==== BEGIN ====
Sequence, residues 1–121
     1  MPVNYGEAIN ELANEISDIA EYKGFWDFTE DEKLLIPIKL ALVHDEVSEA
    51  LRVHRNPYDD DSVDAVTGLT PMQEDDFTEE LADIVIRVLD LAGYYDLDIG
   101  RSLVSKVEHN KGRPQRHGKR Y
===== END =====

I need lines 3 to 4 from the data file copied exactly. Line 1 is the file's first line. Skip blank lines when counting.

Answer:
    51  LRVHRNPYDD DSVDAVTGLT PMQEDDFTEE LADIVIRVLD LAGYYDLDIG
   101  RSLVSKVEHN KGRPQRHGKR Y